But some stuff falls through the larger-than-usual cracks. Dinners are not very creative. Every surface in my house needs to be wiped (preferably with disinfecting wipes). My hair is reminiscent of a mangy poodle. I probably won't complete my Bible study homework this week.
That's okay. I'm trying to take care of things that fall into certain categories: school, church, health, safety, hygiene. Sometimes other stuff has to wait.
And I think blogging this week falls into the category of "has to wait." So rather than giving you nothing but silence for a week (or more), I decided to post something I've previously written.
Before I started a blog, writing was already in my blood. Sometimes I would just sit and type into a Word document. Sometimes it was to mark an occasion or capture a memory. Sometimes it was to organize my thoughts. Many of these random writings are deeply personal, but I found one that I wouldn't mind sharing.
It's a little long, but you've got plenty of time to read it since I probably won't be able to write again this week. :)
I forgot to date this particular document, but I know it was written some time last school year (because I mentioned that Nolan was in kindergarten). Enjoy!
I'm sure many of you can relate. I have such a horrible memory, and I know I end up telling people things I've already told them. Sometimes people just tell me I've already told them, but I know there are lots of times when people graciously listen again as if they don't already know what I'm going to say. It's the same concept in an everyday format.I used to have this roadblock to my prayer. I desperately wanted to be a prayer warrior, to know that God’s power was unleashed when I prayed. I wanted to be one of those women who talks to God like he’s her daddy or her best friend. But I just had this obstacle. And the obstacle was this: if God is all-knowing, then why do I need to tell him what’s going on and what I want him to do about it?I talked to my husband about this mental block. He did his best to explain it to me, but I still struggled. I was afraid to really discuss the extent of my struggle with my Bible study group because I didn’t want them to know that I was a long-time Christian who still didn’t understand the purpose of prayer. I prayed and asked God to help me understand prayer. And still I struggled.I recently read the book The Shack by WM. Paul Young. In the book Young characterizes the trinity of God in three distinctly different but divinely connected human forms. In one scene, the main character is sitting at a dinner table talking to the human forms of God. God asks the main character about his children and wife. The man instinctively reacts as any parent would and begins talking about his precious children and his lovely wife. Then he interrupts himself and asks why God would even ask him about his family when God already knows everything about them. God teaches the man about ways in which God chooses to limit himself for our sake.God says that he chooses to limit himself out of respect for this man, in order to facilitate and honor their relationship. He says that he chooses not to “bring to mind” his knowledge of these family members while the man is talking, and he takes great delight in seeing them through the man’s eyes. He goes on to talk about power in relationships and how we can nurture relationships by choosing to limit ourselves to serve the other person.This example has been coming to mind lately as I’m striving to have a closer relationship with God. I know that prayer is my communication with God, and I can’t have a good relationship without communication. This description may be from a fictional book, but it helps my human mind to better understand that I’m not wasting God’s time by telling him stuff he already knows.It finally clicked for me when I was thinking about my interactions with my oldest son, who is now is kindergarten. He learns so much each day at school. All the time he will randomly declare some fact that he learned at school. I am amazed as he says, “Hey, that’s a compound word!” and even uses hand motions to show me how to break down and then rejoin the parts of a compound word. He tells me new words he has learned how to spell and how to use different punctuation marks. I don’t respond to him by gruffly telling him that I already know all these things. I don’t remind him of how much older and wiser I am. I stop and listen and marvel at his growing wealth of knowledge. I light up as I realize that my precious child is capable of grasping all these new concepts. When he tells me detailed stories of mundane happenings in his little world, I stare at the soft curves of his face and study the way his mouth moves when he is talking.When he tells me things that I already know, I listen and enjoy spending time with my child. I think I can finally start to understand the analogy between me as a human parent and God as my heavenly Father. He doesn’t mind that he already knows what I’m telling him. He delights in seeing me learn. He marvels at his creation, and he enjoys spending time with his child.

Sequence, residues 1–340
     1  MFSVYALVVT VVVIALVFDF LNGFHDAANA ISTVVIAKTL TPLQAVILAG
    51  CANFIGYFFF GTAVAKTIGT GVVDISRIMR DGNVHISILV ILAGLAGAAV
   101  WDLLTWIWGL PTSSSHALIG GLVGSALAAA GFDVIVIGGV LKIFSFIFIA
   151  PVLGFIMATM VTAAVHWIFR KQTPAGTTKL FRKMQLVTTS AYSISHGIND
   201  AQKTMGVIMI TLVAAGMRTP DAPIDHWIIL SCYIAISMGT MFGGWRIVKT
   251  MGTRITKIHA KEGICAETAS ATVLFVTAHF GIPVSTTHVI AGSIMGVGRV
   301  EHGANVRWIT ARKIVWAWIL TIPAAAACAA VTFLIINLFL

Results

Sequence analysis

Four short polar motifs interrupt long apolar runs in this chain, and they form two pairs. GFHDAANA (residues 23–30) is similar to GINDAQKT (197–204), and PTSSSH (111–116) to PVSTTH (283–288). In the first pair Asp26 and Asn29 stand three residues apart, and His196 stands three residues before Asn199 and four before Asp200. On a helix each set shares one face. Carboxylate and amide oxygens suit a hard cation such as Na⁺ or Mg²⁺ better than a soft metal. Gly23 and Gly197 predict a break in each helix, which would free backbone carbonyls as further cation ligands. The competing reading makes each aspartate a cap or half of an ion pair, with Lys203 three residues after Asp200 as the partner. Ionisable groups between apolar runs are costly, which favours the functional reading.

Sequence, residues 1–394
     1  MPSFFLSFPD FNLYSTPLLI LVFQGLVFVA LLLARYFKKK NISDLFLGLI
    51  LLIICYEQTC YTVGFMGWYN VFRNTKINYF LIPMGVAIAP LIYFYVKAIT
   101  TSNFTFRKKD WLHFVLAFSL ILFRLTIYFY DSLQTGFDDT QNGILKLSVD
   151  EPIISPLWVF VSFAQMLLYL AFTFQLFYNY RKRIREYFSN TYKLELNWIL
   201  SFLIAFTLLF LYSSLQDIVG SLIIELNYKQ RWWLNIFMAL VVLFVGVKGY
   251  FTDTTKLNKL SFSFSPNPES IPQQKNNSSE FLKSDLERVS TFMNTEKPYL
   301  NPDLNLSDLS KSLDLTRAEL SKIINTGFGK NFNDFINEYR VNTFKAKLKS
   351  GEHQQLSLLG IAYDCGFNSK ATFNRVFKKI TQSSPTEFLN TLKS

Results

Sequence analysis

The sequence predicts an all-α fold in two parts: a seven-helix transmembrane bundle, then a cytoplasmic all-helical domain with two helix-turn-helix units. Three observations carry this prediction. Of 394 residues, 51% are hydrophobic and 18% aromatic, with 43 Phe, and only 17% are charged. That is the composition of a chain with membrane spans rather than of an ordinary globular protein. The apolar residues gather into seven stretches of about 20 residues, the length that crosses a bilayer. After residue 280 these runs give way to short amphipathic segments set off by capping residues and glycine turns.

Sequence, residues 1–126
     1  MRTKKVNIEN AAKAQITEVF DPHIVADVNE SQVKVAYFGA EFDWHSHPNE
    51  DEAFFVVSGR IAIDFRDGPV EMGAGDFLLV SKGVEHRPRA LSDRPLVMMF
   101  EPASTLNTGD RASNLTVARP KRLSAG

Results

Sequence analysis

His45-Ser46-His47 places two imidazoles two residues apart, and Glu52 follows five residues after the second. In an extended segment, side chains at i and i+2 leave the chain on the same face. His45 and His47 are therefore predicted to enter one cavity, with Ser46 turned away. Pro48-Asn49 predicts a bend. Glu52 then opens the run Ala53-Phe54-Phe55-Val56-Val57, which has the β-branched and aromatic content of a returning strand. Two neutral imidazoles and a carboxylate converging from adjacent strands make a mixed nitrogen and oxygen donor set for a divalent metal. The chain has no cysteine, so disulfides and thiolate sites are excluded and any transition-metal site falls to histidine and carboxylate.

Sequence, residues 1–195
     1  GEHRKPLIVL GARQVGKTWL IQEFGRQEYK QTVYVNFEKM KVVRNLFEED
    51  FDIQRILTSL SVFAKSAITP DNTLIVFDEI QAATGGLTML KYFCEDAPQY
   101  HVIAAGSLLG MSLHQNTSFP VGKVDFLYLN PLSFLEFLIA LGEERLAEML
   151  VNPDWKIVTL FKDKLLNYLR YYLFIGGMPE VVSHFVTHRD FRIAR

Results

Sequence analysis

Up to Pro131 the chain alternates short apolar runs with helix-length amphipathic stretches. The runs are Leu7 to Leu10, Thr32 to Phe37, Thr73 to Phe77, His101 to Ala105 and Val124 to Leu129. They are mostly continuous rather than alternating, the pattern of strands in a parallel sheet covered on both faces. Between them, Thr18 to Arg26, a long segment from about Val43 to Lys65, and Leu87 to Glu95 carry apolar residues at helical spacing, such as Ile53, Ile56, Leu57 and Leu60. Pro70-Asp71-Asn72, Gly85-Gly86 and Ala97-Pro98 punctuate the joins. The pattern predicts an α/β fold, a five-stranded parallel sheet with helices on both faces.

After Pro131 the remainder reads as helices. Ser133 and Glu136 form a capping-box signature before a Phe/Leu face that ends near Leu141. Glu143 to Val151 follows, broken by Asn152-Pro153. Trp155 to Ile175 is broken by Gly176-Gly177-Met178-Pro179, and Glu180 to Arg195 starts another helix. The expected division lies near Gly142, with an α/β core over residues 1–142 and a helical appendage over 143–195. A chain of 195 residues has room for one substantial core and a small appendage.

Have a great week!